Lifehacker: Thank you very much for taking the time today. Is there anything else you'd like to share with the Lifehacker readership?
Mark Shuttleworth: I hope folks take the time to try Linux and Ubuntu.

Spyware: Popular anti-spyware/adware software Ad-Aware ...

Popular anti-spyware/adware software Ad-Aware just pushed out its first Vista-compatible release, including the Free, Plus and Pro versions (32-bit only).

Featured Windows Download: Sync Photos to Flickr with FlickrSync

Windows only: Free, open source application FlickrSync monitors any image folders of your choosing and syncs their contents to your Flickr account. We showed you a simple command line method for automatic Flickr uploads, but FlickrSync brings an entirely new level of functionality to keeping desktop folders in sync with your Flickr account—allowing you to do things like match folders to Flickr sets and create new sets for new folders.

It takes a little getting used to, but with FlickrSync you can basically manage your photos locally and ensure the results are replicated perfectly on Flickr (which makes it an exceptionally good photo backup tool). FlickrSync is a free, Windows-only download requiring .NET 3.0. If you need to recover photos in the other direction (i.e., from Flickr), try previously mentioned Migratr.

Digital Music: Last.fm releases a cross platform audio fingerprinting ...

Last.fm releases a cross platform audio fingerprinting application designed to aggregate a database of proper metadata for your music. In time, the application hopes to clean up your music's metadata similar to MusicBrainz.

Reminders: Never Forget a Birthday (or Card) Again

The folks at the Unclutterer weblog are serious about getting birthday cards to loved ones on time. In addition to using Plaxo to capture and get reminders about whose birthday is when, they pre-buy cards:

In addition to a birthday reminder system, I also purchased a card organizer. At the start of the year, I print out a birthday list from Plaxo, buy cards for all of my family and friends in a single trip to the card store, and organize the cards in my organizer.
Personally, Plaxo or other reminder system nag emails asking me to update my birthday so someone else doesn't forget it makes me want to stick pins in my eyes, so I opt for the more subtle approach: find out birthdays the old-fashioned way (face-to-face *gasp!* or via mutual acquaintance) and use a web-based calendar to schedule reminders. But the card organizer with pre-bought cards? Now that is preparation.

Igoogle: Set Reminders on Your Startpage with iReminder

Set SMS, email or Twitter reminders from your iGoogle homepage with the iRemind iGoogle gadget. Setup is extremely easy (it can all be done from your iGoogle page), which means you'll be ready to start creating natural-language reminders from your homepage in under a minute. iRemind is built by the creator of the popular Todoist online task manager (which, incidentally, integrates nicely into Gmail), but it's actually a completely separate service. If you've already got a Todoist account and you want the full functionality of Todoist from your iGoogle or Netvibes homepage, the Todoist widget is for you.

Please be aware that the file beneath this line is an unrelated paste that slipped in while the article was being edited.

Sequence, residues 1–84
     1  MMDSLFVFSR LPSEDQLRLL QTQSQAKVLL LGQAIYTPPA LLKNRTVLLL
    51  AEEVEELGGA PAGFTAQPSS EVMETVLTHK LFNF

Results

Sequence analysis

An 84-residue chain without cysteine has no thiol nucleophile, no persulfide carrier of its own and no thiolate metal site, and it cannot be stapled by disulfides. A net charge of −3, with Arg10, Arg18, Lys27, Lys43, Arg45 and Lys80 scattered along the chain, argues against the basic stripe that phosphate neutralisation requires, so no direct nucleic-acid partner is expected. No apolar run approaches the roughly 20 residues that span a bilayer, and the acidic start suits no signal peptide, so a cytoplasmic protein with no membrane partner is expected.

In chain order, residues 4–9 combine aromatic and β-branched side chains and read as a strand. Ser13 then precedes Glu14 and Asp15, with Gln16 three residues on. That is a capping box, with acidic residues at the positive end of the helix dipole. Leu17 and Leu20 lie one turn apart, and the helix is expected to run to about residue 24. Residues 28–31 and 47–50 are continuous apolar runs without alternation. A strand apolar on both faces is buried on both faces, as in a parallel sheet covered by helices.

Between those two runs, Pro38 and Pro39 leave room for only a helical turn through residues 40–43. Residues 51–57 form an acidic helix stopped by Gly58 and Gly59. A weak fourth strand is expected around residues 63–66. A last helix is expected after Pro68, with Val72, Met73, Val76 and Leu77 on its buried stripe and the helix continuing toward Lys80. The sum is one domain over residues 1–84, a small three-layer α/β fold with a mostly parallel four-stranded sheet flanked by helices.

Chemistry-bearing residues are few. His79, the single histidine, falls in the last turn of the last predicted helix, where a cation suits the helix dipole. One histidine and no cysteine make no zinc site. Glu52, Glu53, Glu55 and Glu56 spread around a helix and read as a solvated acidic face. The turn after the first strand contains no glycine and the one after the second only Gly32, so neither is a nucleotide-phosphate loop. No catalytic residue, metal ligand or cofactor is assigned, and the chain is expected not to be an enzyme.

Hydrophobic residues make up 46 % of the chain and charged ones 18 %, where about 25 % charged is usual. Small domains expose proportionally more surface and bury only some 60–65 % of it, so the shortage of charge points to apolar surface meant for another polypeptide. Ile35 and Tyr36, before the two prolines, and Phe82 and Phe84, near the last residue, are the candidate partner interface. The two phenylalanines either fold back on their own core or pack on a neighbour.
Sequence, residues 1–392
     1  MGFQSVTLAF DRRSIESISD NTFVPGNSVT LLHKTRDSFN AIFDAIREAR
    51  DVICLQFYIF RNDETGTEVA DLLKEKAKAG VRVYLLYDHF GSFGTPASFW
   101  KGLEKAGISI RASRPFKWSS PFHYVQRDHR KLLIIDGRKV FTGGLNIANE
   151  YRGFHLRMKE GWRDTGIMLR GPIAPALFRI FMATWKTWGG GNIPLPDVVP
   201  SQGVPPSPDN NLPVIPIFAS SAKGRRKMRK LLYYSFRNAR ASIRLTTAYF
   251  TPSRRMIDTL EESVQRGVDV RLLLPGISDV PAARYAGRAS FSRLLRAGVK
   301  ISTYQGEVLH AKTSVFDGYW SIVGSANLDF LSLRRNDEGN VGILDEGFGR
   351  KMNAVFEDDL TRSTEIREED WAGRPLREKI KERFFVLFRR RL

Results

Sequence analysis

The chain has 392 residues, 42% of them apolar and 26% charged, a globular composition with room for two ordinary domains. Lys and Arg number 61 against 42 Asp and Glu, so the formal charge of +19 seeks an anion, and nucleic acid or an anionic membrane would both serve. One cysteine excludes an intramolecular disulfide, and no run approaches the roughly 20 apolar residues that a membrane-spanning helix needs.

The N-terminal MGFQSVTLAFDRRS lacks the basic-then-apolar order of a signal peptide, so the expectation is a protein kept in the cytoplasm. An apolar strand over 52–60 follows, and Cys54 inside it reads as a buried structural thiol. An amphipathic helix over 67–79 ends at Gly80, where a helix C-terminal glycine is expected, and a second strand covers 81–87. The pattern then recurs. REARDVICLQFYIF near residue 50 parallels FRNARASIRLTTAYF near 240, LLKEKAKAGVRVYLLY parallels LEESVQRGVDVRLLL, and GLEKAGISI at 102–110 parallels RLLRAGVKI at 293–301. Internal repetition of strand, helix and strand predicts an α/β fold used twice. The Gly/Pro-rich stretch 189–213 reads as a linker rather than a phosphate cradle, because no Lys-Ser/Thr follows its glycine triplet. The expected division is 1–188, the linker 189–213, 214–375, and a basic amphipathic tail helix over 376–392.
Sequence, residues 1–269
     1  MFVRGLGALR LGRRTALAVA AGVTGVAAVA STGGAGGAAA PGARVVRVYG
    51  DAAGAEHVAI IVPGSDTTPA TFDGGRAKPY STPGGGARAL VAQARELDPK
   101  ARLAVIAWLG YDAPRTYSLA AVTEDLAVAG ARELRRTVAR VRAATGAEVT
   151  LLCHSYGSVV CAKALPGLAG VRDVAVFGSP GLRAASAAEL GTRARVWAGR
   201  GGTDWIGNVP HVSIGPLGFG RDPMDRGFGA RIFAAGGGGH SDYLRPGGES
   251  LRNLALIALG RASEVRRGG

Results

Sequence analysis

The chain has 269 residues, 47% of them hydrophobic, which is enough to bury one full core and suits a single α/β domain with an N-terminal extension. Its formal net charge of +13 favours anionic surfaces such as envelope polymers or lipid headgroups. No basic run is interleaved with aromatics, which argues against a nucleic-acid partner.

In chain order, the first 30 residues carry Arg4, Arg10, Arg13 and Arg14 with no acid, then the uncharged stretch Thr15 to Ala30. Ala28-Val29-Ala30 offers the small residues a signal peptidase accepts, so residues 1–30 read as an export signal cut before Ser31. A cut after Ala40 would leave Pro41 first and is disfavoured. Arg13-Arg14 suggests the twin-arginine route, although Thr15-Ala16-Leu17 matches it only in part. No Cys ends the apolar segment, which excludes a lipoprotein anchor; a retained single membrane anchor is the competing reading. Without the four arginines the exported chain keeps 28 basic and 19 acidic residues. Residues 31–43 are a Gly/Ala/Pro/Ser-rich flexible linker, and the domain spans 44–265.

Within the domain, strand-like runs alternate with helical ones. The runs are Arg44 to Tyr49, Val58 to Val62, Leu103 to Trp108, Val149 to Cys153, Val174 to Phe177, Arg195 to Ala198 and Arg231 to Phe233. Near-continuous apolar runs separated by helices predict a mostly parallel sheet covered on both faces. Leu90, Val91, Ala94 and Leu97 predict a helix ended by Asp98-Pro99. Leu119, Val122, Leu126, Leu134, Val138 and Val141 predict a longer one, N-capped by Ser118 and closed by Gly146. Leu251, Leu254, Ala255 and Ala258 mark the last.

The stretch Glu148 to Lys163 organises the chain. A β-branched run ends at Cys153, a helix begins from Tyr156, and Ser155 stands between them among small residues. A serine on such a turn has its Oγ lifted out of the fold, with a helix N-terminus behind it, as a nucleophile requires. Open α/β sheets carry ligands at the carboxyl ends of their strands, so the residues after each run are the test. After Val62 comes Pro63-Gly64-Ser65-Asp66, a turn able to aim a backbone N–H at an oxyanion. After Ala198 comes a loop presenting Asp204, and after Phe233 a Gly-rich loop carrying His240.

Call For Help: GTD Between Two Locations and Operating Systems?

Reader Darrell writes in:

At work I am a IS manager in a Microsoft environment. At home, I love Mac OS X. At work we use Exchange, Outlook 2007 and Treos with Goodlink. At home, my email is all in Mail.app, Address Book and other info storing programs like Journaler. The main issue is my info at work. It is really locked in since it is Exchange and our Treos use Goodlink. So, what ideas do you have for making my life easier and less "now where did I put that info?"
Work data lockdown—especially in Microsoft Outlook for you Mac users—isn't an easy problem to solve. Beyond Adam's recent suggestions for keeping up a consistent workspace across computers, any readers have home/work syncing tips for a home Mac-using work Exchange server guy? Let us and Darrell know in the comments.

Moleskine: Clean Up Your GTD Moleskine with Inverted Tabs

Steve from the Inventoids weblog loves the Moleskine hacked for GTD, but he hates the floppy page-marking tabs that "get bent, or pushed out of place, or lose their stick." So instead of sticky tabs protruding from his notebook, he's cut innie tabs at the first five pages of every section similar to what you see marking new letter sets on dictionaries. The idea isn't terribly groundbreaking, but if you're sick of messy tabs sticking out from your notebooks, this might be your solution.

Ebooks: Tech blogger Bryan Murdaugh shares how he ...

Tech blogger Bryan Murdaugh shares how he uses tagging and filters in Gmail to create the ultimate GTD system in a free ebook [PDF Alert].